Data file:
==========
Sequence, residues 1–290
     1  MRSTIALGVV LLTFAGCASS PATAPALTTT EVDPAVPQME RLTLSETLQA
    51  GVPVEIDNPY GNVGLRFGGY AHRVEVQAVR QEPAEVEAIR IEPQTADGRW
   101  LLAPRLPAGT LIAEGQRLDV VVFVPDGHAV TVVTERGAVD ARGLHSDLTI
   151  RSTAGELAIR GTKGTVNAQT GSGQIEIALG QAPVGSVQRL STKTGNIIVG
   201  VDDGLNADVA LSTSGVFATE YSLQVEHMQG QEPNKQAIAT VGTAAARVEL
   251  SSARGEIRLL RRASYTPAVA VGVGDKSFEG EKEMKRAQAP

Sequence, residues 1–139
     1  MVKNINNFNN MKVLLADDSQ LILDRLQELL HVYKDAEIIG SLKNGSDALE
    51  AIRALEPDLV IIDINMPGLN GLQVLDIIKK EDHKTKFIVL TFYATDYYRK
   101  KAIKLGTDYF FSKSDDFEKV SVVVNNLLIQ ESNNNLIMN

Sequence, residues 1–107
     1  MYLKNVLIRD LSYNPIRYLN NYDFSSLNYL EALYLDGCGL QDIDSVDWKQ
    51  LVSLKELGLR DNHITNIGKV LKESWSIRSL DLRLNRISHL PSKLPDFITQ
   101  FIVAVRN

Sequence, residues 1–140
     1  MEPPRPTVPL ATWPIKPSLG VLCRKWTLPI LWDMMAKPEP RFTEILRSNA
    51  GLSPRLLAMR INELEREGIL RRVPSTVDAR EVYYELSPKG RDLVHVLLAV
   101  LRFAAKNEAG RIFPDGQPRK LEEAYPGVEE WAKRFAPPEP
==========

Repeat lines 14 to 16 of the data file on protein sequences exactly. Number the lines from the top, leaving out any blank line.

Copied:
    51  LVSLKELGLR DNHITNIGKV LKESWSIRSL DLRLNRISHL PSKLPDFITQ
   101  FIVAVRN

Sequence, residues 1–140